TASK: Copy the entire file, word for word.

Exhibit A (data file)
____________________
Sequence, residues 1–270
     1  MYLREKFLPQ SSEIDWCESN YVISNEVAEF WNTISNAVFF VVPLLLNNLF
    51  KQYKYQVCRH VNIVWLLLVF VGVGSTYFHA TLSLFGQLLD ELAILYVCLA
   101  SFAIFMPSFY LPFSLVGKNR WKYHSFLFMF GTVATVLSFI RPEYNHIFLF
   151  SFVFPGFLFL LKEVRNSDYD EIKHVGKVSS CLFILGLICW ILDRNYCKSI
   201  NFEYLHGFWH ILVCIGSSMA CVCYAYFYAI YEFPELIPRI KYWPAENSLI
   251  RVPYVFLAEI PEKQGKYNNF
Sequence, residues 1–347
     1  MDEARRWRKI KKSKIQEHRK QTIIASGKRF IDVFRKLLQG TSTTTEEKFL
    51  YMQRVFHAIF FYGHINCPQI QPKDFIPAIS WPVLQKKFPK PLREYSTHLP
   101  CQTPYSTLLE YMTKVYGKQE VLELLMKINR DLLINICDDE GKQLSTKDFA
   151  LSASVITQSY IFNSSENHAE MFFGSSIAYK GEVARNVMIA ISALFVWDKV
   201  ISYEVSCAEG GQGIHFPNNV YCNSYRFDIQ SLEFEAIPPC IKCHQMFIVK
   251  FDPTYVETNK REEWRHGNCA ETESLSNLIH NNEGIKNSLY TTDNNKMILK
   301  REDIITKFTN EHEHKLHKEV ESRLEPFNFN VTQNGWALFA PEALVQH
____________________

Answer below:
Sequence, residues 1–270
     1  MYLREKFLPQ SSEIDWCESN YVISNEVAEF WNTISNAVFF VVPLLLNNLF
    51  KQYKYQVCRH VNIVWLLLVF VGVGSTYFHA TLSLFGQLLD ELAILYVCLA
   101  SFAIFMPSFY LPFSLVGKNR WKYHSFLFMF GTVATVLSFI RPEYNHIFLF
   151  SFVFPGFLFL LKEVRNSDYD EIKHVGKVSS CLFILGLICW ILDRNYCKSI
   201  NFEYLHGFWH ILVCIGSSMA CVCYAYFYAI YEFPELIPRI KYWPAENSLI
   251  RVPYVFLAEI PEKQGKYNNF
Sequence, residues 1–347
     1  MDEARRWRKI KKSKIQEHRK QTIIASGKRF IDVFRKLLQG TSTTTEEKFL
    51  YMQRVFHAIF FYGHINCPQI QPKDFIPAIS WPVLQKKFPK PLREYSTHLP
   101  CQTPYSTLLE YMTKVYGKQE VLELLMKINR DLLINICDDE GKQLSTKDFA
   151  LSASVITQSY IFNSSENHAE MFFGSSIAYK GEVARNVMIA ISALFVWDKV
   201  ISYEVSCAEG GQGIHFPNNV YCNSYRFDIQ SLEFEAIPPC IKCHQMFIVK
   251  FDPTYVETNK REEWRHGNCA ETESLSNLIH NNEGIKNSLY TTDNNKMILK
   301  REDIITKFTN EHEHKLHKEV ESRLEPFNFN VTQNGWALFA PEALVQH